• \$\begingroup\$ Please look at this specific example too. I don't understand it. There's a question with a single +1 to it (well, I just added one to it), while there're three answers already. How's that? Do respondents not know that it's okay to upvote the question itself? codereview.stackexchange.com/questions/183427/… \$\endgroup\$ Dec 22, 2017 at 18:44
  • 4
    \$\begingroup\$ "After spending quite some time reviewing code on CR, I've noticed a strange side-effect in my SO answering: I don't post quickies anymore"... That also happened to me, but to a less extent. I still do one-line answers sometimes, if they are "complete", which is possible for some specific cases. I also don't like "try this" (which I've made in the past). However, my pet peeve at SO is "this will do the trick"... I don't do "tricks", we're not magicians, we're programmers. \$\endgroup\$ Dec 22, 2017 at 23:22
  • \$\begingroup\$ I spend most of my time in CodeReview and almost no time on SO any more. I have even found that when I'm looking for answers, I'm often better off searching CR first exactly because of the detailed answers and full context. \$\endgroup\$
    – Edward
    Dec 24, 2017 at 14:21

I think you'd be interested in Mat's Mug's answer to "What is the motivation to spend time doing a code review?":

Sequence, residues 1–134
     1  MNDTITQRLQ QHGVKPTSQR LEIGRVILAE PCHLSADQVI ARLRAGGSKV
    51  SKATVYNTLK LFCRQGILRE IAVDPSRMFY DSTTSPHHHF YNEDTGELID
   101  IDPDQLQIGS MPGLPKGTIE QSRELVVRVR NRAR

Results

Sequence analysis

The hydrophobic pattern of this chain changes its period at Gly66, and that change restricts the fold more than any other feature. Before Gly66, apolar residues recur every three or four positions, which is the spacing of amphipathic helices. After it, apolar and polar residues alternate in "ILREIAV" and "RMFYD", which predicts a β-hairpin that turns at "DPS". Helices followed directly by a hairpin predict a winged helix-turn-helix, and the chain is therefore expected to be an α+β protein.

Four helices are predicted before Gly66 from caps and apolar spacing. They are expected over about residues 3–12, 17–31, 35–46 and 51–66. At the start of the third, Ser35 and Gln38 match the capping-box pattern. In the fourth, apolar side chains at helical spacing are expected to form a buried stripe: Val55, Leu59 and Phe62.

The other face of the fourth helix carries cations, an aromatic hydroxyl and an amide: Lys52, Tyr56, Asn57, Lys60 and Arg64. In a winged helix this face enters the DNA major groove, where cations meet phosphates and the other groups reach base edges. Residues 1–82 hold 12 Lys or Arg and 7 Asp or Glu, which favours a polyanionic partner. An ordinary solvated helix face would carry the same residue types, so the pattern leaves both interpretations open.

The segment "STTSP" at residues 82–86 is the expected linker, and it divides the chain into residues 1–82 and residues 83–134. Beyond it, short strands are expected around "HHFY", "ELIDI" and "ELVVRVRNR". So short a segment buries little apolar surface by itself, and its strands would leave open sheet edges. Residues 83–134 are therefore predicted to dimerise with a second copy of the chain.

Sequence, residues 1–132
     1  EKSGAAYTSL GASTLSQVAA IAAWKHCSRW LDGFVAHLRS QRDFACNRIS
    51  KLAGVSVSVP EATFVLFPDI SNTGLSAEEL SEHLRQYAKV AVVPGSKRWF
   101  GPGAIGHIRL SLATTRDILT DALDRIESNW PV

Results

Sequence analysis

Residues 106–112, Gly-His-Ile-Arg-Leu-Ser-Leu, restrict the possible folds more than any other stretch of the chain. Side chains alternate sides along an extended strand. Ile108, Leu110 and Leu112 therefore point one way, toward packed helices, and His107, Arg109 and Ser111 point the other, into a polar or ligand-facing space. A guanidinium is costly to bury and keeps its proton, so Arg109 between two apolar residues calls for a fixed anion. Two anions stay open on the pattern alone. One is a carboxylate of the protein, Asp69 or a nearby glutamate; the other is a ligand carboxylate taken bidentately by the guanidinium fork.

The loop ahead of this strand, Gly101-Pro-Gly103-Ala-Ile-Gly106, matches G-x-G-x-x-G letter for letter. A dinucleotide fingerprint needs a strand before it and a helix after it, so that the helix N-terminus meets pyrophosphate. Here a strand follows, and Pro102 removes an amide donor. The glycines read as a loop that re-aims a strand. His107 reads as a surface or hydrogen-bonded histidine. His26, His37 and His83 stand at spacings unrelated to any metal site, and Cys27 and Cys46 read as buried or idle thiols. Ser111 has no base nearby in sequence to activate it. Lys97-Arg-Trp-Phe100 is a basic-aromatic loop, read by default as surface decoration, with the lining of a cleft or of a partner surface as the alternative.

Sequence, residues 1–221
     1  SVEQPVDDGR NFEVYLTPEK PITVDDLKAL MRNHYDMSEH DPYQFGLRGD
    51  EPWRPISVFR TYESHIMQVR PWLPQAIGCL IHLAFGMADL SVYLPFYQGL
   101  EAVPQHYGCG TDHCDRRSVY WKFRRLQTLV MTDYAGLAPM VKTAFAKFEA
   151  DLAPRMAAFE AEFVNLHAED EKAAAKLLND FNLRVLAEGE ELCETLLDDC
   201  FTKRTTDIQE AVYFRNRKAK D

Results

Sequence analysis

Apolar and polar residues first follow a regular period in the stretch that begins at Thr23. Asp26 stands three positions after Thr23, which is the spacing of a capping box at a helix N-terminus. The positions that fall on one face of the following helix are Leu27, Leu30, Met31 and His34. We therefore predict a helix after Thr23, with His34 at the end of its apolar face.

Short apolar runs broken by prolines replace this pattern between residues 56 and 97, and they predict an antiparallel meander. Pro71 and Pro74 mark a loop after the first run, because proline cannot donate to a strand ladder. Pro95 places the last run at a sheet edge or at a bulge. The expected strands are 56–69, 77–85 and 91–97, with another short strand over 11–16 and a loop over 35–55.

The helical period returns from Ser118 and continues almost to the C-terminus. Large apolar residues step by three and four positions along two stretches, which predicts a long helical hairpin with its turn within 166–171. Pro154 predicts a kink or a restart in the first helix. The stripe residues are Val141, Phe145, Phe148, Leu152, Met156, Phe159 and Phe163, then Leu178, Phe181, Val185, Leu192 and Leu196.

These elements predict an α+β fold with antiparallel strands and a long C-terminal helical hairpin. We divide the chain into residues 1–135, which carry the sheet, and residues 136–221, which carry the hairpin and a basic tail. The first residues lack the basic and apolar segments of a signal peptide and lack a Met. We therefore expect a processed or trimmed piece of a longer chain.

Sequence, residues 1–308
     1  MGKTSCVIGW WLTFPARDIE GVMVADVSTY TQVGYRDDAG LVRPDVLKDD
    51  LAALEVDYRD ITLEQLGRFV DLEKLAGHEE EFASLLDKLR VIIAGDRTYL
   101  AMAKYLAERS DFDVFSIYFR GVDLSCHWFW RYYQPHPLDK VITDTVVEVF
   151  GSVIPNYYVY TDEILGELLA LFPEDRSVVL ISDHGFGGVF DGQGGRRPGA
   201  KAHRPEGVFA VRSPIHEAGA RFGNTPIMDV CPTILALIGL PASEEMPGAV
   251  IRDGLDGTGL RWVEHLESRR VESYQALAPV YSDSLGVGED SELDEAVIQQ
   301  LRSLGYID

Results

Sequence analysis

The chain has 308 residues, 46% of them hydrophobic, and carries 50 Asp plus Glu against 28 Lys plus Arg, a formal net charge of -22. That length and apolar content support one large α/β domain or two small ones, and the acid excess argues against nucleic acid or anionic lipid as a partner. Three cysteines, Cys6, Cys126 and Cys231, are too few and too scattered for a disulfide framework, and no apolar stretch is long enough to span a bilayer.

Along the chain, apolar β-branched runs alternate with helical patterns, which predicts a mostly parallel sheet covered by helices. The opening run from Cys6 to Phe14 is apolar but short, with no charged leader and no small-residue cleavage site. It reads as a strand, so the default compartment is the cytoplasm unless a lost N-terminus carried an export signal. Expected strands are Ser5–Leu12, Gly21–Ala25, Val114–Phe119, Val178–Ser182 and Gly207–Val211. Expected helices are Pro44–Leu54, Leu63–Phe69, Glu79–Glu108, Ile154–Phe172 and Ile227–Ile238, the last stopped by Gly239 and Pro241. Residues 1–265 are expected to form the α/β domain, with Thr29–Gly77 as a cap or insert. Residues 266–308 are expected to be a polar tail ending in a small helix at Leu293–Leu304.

I monitor and answer Stack Overflow questions in the tag - a tiny little tag in SO-land: has 173,998 questions, has 73,666.

I'm tracking progress for my gold tag badge on SO.

SO VBA tag badge progress

I'm 124 answers above the criteria, yet still 138 votes short; that's 2.6 votes per answer. Contrast with Code Review, where I'm tracking the same badge:

CR VBA tag badge progress

That's 5.2 votes per answer, and a much more balanced progress (1000/200=5.0).

And so on CR it's likely that you get twice the upvotes per answer. (Still not scientific, but it's better than 7 questions)

I however disagree with you thinking words vs reputation gained are a good measure of whether it's worth answering. I spend about 30 minutes to 1 hour on most of my answers. Doesn't matter if it's one that has 30 words, or 1,000 words. Because not all of my time is spent writing. I spend time understanding the code and improving the code, both skills that come better the more I do it.

If you don't think spending however much time you do on your answers is worth it, then I'd encourage you to spend less time on your answers. IIRC we had a meta, that explicitly encouraged users to not try and improve everything. There was a time where three answers posted an answer to one question, and none of the answers overlapped, but all were improvements to the question.

Not only that but we allow iterative reviews. If you don't think you should write a long answer, but split your answer into two separate instances then you can hope the OP follows the advice in your first answer, and comes back to get the rest of your advice.